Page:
Catch-up: early 2017 I’d bought a boat in Martinique where I worked, left it in Guadeloupe for hurricane season with a friend, become trapped there without a working engine, had faced 2 major hurricanes, had floundered around needing help from everyone, and eventually escaped my marina prison to finally get to a place where I could haul her out and do the work I needed to get back to Martinique. After ill-advisedly recruiting my delivery crew using Tinder, a slightly traumatic passage had me arriving in my new home, living a new life of lying around on beaches, drinking rum and occasionally going to work. After a bit of a push, I finally got it together to start taking command of the Anne Bonny myself and made it across the channel to a whole new country: St Lucia. After nearly sinking my boat, I was obliged to quit Martinique for the summer, but made it back for new repairs and the recruitment of a couple of awesome Cabin Boys. But my time with flesh and blood crew was coming to an end and I needed to strike out alone. I did my first single-handed sail, found a cabin boy made of plastic to join me in my adventures, and made my first tentative solo international journey. Now I was on a roll. I single-handed myself the furthest I’d ever been: all the way down to Bequia in the Grenadines.
Bequia was becoming one of the islands I’d visited most frequently, and because of my memories associated with it, one of my favourites. I’d first come with Captain Shiraz back when I’d started my adventures with Annie B, and returned the following year for an epic Swedish Christmas. It’s kind of a Little Sweden, with the amount of Swedish businesses there, and the way it seems to attract Swedish cruisers. I even ran into a Swedish celebrity chef there (have I said the word ‘Swedish’ enough yet?). As a sailing boat, you feel welcome in the gorgeous bay at Port Elizabeth. I spent an afternoon in a café chilling out with a local teenager (a pal of a land-based Swedish friend I’d made there) who explained a bit about the island’s relationship with the cruisers. When there are a lot of boats anchored, she told me, we’re happy. We know it’s going to be a good day. We’ll make money. They come to the shops, eat in the restaurants, use the yacht services, and they’re friendly. But the cruise ships… we hate them (the bay is regularly visited by the floating plague-prison monstrosities, disgorging boatloads of glassy-eyed passengers ashore to pack the beaches and shout loudly about the locals). They dump all their trash (which is difficult for a small island to process), they don’t buy anything, and the passengers are often really racist towards us. I nodded in sympathy. I hated cruise ship days. The town became like a tacky Disney-land and the loud English accents reminded me of a reality I’d run away from. But the Bequia cruiser-land was cheerful and welcoming, and it was clear why this bay was a haven for so many sailors. And why so many never left.
I spent the day after my arrival eagerly awaiting my ex-Cabin Boy Labrador Eyebrows. He was working as a cook on a charter catamaran, and I sat in my cockpit that morning watching every new charter boat that drifted in after their overnight passage from Martinique, wondering which could be his. I even casually rowed around the anchorage later in the day trying to see if I could spot him, but started to feel a bit stalkerish. I’d taken to rowing my dinghy rather than actually using the (perfectly functional) outboard engine. People would stop me, concerned, offering me either a tow or help with the repair. I probably should have taken the engine off (it definitely would have made rowing easier, but I liked to have it there as a back-up). People never quite believed me when I reassured them that I was just following the advice of someone I’d once sailed with that ‘rowing is an opportunity for exercise’. Who rows unless there’s something wrong? Along with the presence of Flav in the cockpit, it seemed to add to my eccentricity.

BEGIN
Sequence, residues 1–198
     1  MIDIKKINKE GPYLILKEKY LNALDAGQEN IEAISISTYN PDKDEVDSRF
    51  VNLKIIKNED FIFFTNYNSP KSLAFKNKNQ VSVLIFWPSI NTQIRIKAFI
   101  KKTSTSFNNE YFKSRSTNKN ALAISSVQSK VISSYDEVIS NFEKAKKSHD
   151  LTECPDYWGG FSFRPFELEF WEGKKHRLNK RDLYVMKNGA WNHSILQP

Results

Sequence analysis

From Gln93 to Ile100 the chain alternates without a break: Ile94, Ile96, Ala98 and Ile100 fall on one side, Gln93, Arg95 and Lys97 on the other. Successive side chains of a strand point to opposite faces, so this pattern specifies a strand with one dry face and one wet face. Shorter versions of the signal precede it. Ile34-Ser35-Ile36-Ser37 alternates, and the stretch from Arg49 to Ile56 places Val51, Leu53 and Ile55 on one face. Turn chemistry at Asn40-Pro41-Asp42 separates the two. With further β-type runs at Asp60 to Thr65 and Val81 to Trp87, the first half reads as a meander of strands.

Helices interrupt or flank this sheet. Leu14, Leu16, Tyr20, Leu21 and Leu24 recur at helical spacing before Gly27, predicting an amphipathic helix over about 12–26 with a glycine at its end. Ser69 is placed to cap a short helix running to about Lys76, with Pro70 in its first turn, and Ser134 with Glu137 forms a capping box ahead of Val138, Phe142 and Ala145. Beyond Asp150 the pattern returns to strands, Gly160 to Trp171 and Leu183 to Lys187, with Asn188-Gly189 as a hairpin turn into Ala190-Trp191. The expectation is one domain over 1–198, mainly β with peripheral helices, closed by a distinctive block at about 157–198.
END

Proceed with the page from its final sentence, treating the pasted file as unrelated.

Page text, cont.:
Labrador Eyebrows must have been busy working, because I didn’t hear from him until that evening, when I’d ditched Captain Imagine for the day and had eaten gloomily by myself, doubting he was really there and wondering what to do with myself. When his message came through he told me there was some kind of party at one of the beach bars that night, and though it wasn’t really his job, he’d agreed to take his passengers there. I could join them if I wanted. I was tired, but the thought of seeing one of my Martinique friends after my long adventure so far from home motivated me into action. By the time he messaged to say he was leaving, it was already pretty late, but I got ready and rowed my way across the bay. I wasn’t quite sure where on the beach this bar was supposed to be. I’d hoped it would be obvious, but eventually as I paddled my way through rocky shallows, I spotted another dinghy hauled up the sand. I tried to do the same with my own dinghy, water up to my knees, blind to the rocks and slippery seaweed, and surf pushing the boat ashore and sucking it back out again. Turns out that despite my new muscles, I wasn’t very strong. Once the boat was on the beach, hauling it up to the trees where I could tie it up was like dragging a dead horse. My motor was heavy and the support broken so that it couldn’t be lifted out of the way. Its propeller dug into the sand, making a very effective anchor that prevented me tugging it more than a couple of centimetres at a time. The decaying ropes at the sides snapped off in my hands. I was hot and sweaty and angry, severely reducing my enthusiasm for the night. I wanted to call someone to help, but there was no-one around, and Labrador Eyebrows was unreachable without his boat’s wifi. My progress was agonisingly slow. It probably took me about 20 minutes to get the dinghy high enough ashore to tie to the trees. Once there, I felt triumphant, but had no clue how I’d get it back in the water if I was forced to do this alone. And what was worse, there really was no sign of any big party anywhere around. Was my friend even here?